Philippine media

Painful cuts: Inquirer offers early retirement as it struggles to survive pandemic

Camille Elemia
Painful cuts: Inquirer offers early retirement as it struggles to survive pandemic

MEDIA INSTITUTION. Outside the Philippine Daily Inquirer building in Makati City.

By Judgefloro/ Wikimedia Commons

(3rd UPDATE) The company has also reduced the number of its columnists and has collapsed its section focusing on local government units in Metro Manila

The Philippine Daily Inquirer (PDI), the country’s largest newspaper, is cutting its staff and operations to “survive” the coronavirus pandemic. (FAST FACTS: What you should know about the Inquirer Group)

The company has offered voluntary retirement packages to eligible employees, reduced the number of its columnists, and collapsed an entire section on Metro Manila local government units for streamlining.

In a letter sent to employees on July 29, the management said it needed to do more to ensure the company’s survival.

“In the past several years, we have witnessed the steady decline of the print newspaper industry largely due to the surge of the digital/online platform,” the management said in the letter signed by Renato Lao, PDI vice president for human resources and administration.

“Despite our continuing efforts to fight hard to mitigate the effects of these challenges through various revenue recovery and cost reduction efforts in the past several years, there remains a need for deeper and more impactful ways to directly address our need to survive,” management added.

PDI management also noted that “the COVID-19 crisis has driven our business to levels which make it difficult for us to sustain our operating costs, including compensation and benefits.”

At least 30 employees have availed of the retirement package, 16 of whom were union members, according to PDI Employees Union president Jerome Aning.

“It’s a mix of the editorial and business groups (employees), but there are more from the business group who availed of the package,” Aning, himself a reporter, said in an interview with Rappler.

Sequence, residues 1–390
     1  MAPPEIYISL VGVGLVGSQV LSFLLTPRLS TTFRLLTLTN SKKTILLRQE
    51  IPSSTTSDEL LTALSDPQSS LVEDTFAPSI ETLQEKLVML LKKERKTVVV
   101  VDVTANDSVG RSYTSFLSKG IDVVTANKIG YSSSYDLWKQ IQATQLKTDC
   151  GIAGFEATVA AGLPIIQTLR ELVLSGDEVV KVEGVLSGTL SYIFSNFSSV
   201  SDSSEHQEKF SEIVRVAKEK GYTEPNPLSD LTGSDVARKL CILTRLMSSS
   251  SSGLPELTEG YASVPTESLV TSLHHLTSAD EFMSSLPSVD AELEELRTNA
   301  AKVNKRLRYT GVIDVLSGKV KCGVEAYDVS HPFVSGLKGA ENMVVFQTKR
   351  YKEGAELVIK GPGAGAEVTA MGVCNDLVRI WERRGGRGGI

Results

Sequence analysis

Aning said the union was hopeful that the vacated posts would be filled soon.

An employee, who requested anonymity, said it was a difficult and painful decision to leave his home for more than a decade.

“But what’s the future like for someone who wants to be in the field of journalism?” the employee told Rappler.

Another staff member, citing management’s pronouncements during quarterly meetings with the union, said it was a sad development, as the company’s sales and revenue were already picking up before the pandemic.

In a separate tweet, Inquirer reporter and union vice president for internal affairs Marlon Ramos said that despite the challenges, the company honored the collective bargaining agreement on salary increases.

The company also released the midyear bonus as early as April and the yearly rice subsidy in July.

Metro section closed down

As the global health crisis continued to ravage communities, the paper also shut down its Metro section which focused on local government units in the National Capital Region.

The section, which had been reduced to a page or two in recent months, was last published on Sunday, August 30.

The national news section absorbed the metro editor and 5 section reporters beginning Monday, August 31.

Letting go of columnists

On top of this, the paper also reduced the number of its columnists, some of whom are considered institutions in their field.